My Top Five Moments

posted by Logan Anderson December 26, 2016 0 comments

Eric Mirlis, author of “I Was There,” catalogued the top five sports events that 65 prominent sportscasters and writers witnessed in person. After recording a podcast with him (which can be found here), I started to think about what my top five moments would be. They aren’t as nationally prominent as the stories from Eric’s fabulous book (buy it here), but I think some of my experiences make interesting stories nonetheless. So here goes nothing:

12/5/2005 Morningside College at University of South Dakota – Dakota Dome: Vermillion, S.D.

This was the night I caught the broadcasting bug. Morningside had just left the NCAA DII North Central Conference and were in their 3rd year of NAIA competition. Every year, in men’s basketball they played old NCC opponent USD and got smashed. That year was supposed to be no exception ¬— USD was ranked in the DII top ten and Morningside was unranked in the NAIA.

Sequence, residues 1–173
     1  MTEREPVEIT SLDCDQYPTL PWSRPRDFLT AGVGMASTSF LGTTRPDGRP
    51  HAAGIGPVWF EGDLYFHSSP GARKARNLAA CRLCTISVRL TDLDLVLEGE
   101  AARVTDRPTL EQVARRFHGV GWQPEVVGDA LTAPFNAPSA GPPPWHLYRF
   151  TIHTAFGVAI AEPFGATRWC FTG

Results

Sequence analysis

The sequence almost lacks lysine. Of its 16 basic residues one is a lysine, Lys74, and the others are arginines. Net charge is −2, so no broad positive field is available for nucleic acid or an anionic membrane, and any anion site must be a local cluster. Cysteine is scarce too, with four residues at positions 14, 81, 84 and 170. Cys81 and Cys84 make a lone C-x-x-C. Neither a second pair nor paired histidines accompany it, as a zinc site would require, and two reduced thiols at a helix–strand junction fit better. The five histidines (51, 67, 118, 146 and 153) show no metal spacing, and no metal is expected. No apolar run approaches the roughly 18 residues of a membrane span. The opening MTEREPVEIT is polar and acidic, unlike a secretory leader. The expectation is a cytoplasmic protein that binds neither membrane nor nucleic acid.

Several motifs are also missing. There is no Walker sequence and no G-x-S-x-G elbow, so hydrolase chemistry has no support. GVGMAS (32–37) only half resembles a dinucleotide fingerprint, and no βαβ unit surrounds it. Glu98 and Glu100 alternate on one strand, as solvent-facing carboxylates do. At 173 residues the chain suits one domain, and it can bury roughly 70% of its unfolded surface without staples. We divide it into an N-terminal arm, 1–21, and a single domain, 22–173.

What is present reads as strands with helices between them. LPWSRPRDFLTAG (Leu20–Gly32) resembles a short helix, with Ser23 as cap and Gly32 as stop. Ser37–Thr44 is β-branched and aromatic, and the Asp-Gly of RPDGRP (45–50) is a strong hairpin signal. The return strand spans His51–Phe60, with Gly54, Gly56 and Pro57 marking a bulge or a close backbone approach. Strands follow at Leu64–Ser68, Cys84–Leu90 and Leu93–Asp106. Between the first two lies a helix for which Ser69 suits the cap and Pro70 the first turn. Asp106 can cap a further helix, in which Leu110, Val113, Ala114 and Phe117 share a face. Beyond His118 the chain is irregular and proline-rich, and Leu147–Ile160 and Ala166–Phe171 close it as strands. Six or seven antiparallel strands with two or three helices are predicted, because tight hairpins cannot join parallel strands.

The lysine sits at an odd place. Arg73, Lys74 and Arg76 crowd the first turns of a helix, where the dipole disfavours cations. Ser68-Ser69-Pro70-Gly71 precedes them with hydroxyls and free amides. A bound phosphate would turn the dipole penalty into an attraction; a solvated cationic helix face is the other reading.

That was the backdrop for my very first student broadcast. I was still on the JV team and found out I could get paid by the work-study program to go watch the game. Morningside controlled most of the game, but a furious comeback by USD had them up one with just a few seconds remaining. Morningside heaved up a desperation three that was off the mark, but Brad Schmit, who would go on to become Morningside’s all time leading scorer, tipped in the miss as the buzzer rang. Not surprisingly, Morningside never found their way on to USD’s schedule again.

I’ve called many buzzer beaters since then, but this one will always stand out as the moment that I fell in love with sportscasting.